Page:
compliant Liberals and Conservatives. The “class idea is under attack” in Canada, writes Eidlin, but it remains “more embedded” than in the United States. Eidlin offers no explanations for this deterioration in labor’s political and economic position in Canada, which makes this reader wonder why the “class idea” of the book’s title remains vulnerable to erosion even in a country that produced, according to Eidlin, such a strong version of class representation. Why, if the NDP had been so successful in representing the interests of the Canadian working class, has it recently moved away from that position? This raises the possibility that the U.S.-Canadian comparison, while yielding many sharp insights, needs to be expanded further. Today, across the economically advanced democracies, a cohort of young leftist intellectuals is shaping a new analysis of political culture and economy. But the large institutions of the left—its traditional social democratic parties and unions—are, in many places, in crisis.

Eidlin is most pessimistic—as is everybody else—about the United States. Yet Canada’s current baseline for union density and political power are indeed higher than in the United States, but there doesn’t seem to be many other reasons for a more optimistic prognosis for Canadian organized labor. In fact, it might be argued that just as Canada’s labor movement didn’t get its version of the Wagner Act until a decade after the United States, it may now just be deteriorating on a later timeline.

For either country, as Eidlin emphasizes, there is no path forward without a renewed focus on workplace organization. Only workers at the point of production, provision, and distribution can enforce agreements and hold management accountable. Workplace organization, in turn, must create and sustain “durable collective identities” for today’s working class. Even in a period of great difficulty for the labor movement, we might now be seeing the development of those identities in the inspiring workplace organizing in sectors like education and media.

But militancy in those venues isn’t enough to revive U.S. labor when the commanding heights of the economy remain union-free. In a 2017 article in the Yale Law Journal, entitled,“Nothing New Under the Sun,” which Eidlin cites, Matthew Ginsburg, an associate general counsel of the AFL-CIO, directs the movement to its most difficult organizing challenges. “There’s no avoiding Walmart, Toyota, Amazon, T-Mobile, and Federal Express. The greatest concentration of unorganized workers in the United States is still employed at these and similar large multinational corporations.”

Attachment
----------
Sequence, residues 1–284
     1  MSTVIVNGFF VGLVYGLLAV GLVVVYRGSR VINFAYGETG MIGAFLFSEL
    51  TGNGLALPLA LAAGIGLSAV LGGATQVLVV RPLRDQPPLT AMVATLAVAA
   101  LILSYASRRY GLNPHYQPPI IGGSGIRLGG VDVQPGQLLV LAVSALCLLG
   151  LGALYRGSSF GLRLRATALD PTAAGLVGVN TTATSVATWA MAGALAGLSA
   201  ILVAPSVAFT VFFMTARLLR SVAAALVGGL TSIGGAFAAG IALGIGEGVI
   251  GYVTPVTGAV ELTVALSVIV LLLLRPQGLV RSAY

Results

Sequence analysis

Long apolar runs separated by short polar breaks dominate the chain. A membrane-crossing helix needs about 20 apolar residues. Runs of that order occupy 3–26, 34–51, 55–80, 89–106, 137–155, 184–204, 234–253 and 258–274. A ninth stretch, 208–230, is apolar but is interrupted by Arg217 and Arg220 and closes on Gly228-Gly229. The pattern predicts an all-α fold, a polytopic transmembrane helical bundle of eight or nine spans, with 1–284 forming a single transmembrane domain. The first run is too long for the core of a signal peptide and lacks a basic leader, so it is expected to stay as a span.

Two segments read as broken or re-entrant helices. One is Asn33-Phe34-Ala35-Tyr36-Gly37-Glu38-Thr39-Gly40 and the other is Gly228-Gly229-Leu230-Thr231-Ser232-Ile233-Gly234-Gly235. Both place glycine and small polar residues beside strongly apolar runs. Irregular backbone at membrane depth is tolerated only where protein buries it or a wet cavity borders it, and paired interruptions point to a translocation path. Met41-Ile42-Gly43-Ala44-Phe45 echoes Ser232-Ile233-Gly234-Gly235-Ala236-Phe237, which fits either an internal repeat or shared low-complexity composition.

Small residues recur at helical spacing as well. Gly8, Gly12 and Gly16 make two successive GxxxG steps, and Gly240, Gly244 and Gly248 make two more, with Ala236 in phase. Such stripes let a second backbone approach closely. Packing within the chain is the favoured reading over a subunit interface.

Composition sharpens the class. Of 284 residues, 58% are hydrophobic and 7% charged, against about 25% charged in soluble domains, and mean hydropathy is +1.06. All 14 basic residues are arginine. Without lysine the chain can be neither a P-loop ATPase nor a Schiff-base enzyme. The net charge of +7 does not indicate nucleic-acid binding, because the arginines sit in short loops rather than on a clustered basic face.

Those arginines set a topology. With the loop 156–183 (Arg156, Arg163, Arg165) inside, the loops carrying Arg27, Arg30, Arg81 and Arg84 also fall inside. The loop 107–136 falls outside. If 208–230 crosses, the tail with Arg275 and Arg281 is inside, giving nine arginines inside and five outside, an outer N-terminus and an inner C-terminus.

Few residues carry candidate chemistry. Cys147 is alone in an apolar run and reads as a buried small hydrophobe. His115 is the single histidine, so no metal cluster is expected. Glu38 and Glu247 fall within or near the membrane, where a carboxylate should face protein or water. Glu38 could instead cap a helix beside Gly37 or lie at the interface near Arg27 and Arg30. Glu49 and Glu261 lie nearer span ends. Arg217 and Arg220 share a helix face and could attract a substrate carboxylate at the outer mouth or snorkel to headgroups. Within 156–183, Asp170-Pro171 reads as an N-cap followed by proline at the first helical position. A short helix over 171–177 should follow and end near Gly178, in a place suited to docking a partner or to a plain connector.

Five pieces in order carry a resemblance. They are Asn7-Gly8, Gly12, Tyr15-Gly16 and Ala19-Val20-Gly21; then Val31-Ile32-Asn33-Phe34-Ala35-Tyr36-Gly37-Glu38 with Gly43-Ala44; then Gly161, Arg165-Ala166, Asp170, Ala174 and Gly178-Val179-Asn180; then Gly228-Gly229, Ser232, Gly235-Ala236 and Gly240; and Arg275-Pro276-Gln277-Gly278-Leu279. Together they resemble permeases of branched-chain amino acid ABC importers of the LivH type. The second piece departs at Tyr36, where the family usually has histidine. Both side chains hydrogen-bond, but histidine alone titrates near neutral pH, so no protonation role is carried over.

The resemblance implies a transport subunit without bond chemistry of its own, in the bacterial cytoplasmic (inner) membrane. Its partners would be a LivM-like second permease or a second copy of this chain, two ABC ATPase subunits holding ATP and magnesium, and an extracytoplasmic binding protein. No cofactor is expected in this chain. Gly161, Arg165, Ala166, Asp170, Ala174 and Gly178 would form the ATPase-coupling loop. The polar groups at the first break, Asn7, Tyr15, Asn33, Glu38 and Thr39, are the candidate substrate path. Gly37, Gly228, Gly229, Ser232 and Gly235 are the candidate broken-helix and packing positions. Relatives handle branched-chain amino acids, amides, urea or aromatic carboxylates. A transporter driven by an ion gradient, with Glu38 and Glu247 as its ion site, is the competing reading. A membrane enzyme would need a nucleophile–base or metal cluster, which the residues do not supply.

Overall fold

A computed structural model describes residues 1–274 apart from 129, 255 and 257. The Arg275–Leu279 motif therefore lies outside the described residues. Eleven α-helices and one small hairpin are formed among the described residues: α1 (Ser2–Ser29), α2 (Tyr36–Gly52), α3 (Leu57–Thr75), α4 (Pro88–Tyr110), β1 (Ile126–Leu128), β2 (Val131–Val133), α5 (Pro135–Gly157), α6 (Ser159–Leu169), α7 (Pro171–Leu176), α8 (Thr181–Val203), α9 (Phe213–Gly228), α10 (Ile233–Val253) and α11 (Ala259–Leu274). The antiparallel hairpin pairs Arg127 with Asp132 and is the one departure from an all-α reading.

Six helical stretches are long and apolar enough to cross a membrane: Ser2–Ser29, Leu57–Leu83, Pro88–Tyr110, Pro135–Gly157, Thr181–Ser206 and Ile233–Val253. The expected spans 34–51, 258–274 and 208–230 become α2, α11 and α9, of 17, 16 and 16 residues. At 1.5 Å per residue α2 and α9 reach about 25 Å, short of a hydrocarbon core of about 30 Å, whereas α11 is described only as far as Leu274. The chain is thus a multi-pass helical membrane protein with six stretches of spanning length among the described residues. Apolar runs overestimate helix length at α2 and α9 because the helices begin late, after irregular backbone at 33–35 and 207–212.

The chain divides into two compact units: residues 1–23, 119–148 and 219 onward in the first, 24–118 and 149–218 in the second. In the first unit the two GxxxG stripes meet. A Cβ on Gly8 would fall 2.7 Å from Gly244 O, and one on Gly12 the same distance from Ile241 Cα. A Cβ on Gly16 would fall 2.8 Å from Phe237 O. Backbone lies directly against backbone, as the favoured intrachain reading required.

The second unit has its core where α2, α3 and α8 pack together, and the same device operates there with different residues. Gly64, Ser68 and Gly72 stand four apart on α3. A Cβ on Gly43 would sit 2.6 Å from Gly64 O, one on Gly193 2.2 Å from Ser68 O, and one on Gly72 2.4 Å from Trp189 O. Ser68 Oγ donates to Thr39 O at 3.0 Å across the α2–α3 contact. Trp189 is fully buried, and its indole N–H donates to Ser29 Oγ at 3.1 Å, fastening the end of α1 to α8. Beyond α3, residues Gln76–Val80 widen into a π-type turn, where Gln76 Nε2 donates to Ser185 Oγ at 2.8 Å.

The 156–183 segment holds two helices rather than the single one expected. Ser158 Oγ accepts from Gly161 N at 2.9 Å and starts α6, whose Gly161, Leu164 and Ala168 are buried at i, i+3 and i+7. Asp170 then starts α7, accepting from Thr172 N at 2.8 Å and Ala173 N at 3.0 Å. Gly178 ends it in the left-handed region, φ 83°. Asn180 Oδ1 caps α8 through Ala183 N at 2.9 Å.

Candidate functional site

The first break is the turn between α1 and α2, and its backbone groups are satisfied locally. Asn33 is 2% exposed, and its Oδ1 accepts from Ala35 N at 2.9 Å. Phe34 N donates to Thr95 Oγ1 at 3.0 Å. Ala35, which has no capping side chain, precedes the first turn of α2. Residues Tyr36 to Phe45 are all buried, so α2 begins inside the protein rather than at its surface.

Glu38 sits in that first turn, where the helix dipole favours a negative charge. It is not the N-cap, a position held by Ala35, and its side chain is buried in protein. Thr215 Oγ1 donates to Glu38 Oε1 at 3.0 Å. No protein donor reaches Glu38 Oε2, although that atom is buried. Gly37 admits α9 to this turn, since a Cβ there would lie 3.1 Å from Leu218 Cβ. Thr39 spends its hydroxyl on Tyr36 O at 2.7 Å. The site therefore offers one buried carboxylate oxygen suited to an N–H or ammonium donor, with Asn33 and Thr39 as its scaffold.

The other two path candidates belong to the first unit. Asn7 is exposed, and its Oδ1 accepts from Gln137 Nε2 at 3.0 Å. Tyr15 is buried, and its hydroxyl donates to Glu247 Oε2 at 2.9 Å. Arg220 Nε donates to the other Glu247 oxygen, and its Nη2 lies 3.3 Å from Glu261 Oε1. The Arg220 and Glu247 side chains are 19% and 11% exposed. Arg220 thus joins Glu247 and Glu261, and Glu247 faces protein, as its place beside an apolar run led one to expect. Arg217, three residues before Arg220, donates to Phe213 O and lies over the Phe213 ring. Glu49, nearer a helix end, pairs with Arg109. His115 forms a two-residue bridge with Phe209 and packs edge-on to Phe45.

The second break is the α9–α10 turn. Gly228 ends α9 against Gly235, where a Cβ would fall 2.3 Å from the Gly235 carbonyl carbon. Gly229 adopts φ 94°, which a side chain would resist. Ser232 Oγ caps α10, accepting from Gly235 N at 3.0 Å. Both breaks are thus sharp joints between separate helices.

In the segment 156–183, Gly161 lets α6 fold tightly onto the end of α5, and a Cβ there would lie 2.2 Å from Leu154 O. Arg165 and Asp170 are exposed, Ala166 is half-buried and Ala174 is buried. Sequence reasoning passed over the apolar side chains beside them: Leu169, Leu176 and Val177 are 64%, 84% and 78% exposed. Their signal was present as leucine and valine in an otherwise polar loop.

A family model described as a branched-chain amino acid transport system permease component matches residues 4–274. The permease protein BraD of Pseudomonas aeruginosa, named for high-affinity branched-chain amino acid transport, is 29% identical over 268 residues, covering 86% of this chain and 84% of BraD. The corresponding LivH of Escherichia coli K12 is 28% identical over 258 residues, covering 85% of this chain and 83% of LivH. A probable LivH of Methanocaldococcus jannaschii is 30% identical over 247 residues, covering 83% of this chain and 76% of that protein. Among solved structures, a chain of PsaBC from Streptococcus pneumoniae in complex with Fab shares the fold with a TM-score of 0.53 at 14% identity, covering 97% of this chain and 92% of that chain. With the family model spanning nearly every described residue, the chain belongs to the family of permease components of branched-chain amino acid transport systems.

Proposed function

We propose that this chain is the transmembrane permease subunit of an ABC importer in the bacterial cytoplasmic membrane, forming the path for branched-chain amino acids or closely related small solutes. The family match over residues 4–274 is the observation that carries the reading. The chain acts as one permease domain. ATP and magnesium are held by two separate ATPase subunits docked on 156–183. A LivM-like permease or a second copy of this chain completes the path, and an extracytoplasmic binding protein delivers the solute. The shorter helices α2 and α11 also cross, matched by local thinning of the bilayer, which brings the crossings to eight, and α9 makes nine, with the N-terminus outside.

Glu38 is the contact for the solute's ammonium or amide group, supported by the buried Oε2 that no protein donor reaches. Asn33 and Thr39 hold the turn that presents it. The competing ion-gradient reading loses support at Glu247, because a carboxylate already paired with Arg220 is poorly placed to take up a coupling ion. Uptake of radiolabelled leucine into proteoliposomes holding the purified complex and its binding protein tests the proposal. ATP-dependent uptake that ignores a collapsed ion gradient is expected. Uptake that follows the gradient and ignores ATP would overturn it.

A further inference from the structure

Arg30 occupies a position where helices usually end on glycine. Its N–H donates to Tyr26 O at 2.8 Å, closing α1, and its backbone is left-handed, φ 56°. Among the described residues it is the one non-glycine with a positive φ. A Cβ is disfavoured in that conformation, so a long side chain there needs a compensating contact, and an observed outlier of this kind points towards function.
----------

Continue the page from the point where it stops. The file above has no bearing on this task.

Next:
This would truly be organizing on an enormous scale—the only way labor in the advanced world has ever grown enough to increase its political and economic power. It seems barely conceivable to organize these goliaths any time soon. But while workers might gain benefits from less ambitious projects—alt-labor and worker centers, pushes to increase the minimum wage—nothing other than taking on the biggest companies can create political change on the scale required. Alt labor and worker centers are boutique-level interventions. They cannot generate sufficient revenue from workers themselves without being tied to specific company bargaining agreements. And for workers’ organizations to depend upon capital’s philanthropic arm, an idea that Ginsburg rightly derides, is to become a grant recipient, not a labor movement. Fight for $15 has been stunningly successful in every way—raising the wages of millions and pushing the Democratic Party to the left—except for actually increasing union membership.

Similarly, the idea of implementing sectoral bargaining is percolating among labor intellectuals in the United States, but massive militancy and numerical expansion in the labor movement is the only leverage that can win such a large reform. As Ginsburg argues, “Organizational growth on a firm by firm basis must precede any effort to significantly change the legal rules governing labor relations in the United States.” The intellectual labor can bear fruit someday, but the only way to win big is to go big. Workers must build those durable collective identities on their own behalf. And unions must institutionalize that social solidarity. For now, we are left with incipient possibilities.

Barry Eidlin has given us a smart lay of the land for both nations. We know much more about the different labor regimes in these neighboring countries than we ever have before. And Eidlin’s core argument—that New Deal–era support for U.S. labor limited its autonomy decades later, while Canadian labor’s lengthier struggle to win concessions from the state steeled its independent, class-conscious perspective—is arresting and persuasive, even if it’s almost impossible to imagine a plausible historical counter-narrative in the United States. What he can’t explain is why today, even in Canada, the class idea is more fragile than ever, or how U.S. labor can recapture its New Deal militancy in the political economy of the twenty-first century. Nevertheless, Labor and the Class Idea is a stimulating contribution to today’s movements for egalitarianism and labor solidarity, and activists throughout North America should ponder it for some time to come.

Rich Yeselson is a contributing editor to Dissent. He is writing a book about the causes and consequences of the passage of the 1947 Taft-Hartley Act.